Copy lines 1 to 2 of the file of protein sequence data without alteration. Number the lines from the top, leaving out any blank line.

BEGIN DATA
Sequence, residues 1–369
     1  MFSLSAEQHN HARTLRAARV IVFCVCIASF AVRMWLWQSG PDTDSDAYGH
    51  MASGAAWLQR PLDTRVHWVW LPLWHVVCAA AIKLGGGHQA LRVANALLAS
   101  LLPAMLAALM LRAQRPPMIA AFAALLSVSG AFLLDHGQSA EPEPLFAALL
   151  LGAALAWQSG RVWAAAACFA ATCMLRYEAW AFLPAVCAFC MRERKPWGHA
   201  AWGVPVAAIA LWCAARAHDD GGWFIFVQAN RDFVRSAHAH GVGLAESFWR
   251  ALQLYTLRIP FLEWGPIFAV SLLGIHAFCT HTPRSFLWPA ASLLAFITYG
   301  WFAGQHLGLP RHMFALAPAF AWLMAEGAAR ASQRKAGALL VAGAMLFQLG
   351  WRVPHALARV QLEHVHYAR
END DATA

Sequence, residues 1–369
     1  MFSLSAEQHN HARTLRAARV IVFCVCIASF AVRMWLWQSG PDTDSDAYGH